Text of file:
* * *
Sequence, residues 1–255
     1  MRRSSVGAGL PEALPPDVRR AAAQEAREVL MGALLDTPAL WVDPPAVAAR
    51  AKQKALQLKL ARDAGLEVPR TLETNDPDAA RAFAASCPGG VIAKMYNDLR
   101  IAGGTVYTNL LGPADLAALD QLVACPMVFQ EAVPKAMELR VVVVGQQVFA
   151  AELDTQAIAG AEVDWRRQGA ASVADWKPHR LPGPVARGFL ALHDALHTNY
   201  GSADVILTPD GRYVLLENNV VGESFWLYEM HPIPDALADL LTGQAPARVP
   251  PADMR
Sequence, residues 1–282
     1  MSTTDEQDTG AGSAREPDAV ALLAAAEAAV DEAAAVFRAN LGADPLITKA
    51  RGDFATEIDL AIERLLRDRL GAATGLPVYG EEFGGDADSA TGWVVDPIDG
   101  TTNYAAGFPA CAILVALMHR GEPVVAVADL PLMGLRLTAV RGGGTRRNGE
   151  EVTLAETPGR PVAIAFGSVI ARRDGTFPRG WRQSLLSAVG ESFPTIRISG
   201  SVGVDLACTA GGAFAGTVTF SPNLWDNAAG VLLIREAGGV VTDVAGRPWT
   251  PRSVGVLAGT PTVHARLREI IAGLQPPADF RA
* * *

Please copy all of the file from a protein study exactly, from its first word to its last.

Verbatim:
Sequence, residues 1–255
     1  MRRSSVGAGL PEALPPDVRR AAAQEAREVL MGALLDTPAL WVDPPAVAAR
    51  AKQKALQLKL ARDAGLEVPR TLETNDPDAA RAFAASCPGG VIAKMYNDLR
   101  IAGGTVYTNL LGPADLAALD QLVACPMVFQ EAVPKAMELR VVVVGQQVFA
   151  AELDTQAIAG AEVDWRRQGA ASVADWKPHR LPGPVARGFL ALHDALHTNY
   201  GSADVILTPD GRYVLLENNV VGESFWLYEM HPIPDALADL LTGQAPARVP
   251  PADMR
Sequence, residues 1–282
     1  MSTTDEQDTG AGSAREPDAV ALLAAAEAAV DEAAAVFRAN LGADPLITKA
    51  RGDFATEIDL AIERLLRDRL GAATGLPVYG EEFGGDADSA TGWVVDPIDG
   101  TTNYAAGFPA CAILVALMHR GEPVVAVADL PLMGLRLTAV RGGGTRRNGE
   151  EVTLAETPGR PVAIAFGSVI ARRDGTFPRG WRQSLLSAVG ESFPTIRISG
   201  SVGVDLACTA GGAFAGTVTF SPNLWDNAAG VLLIREAGGV VTDVAGRPWT
   251  PRSVGVLAGT PTVHARLREI IAGLQPPADF RA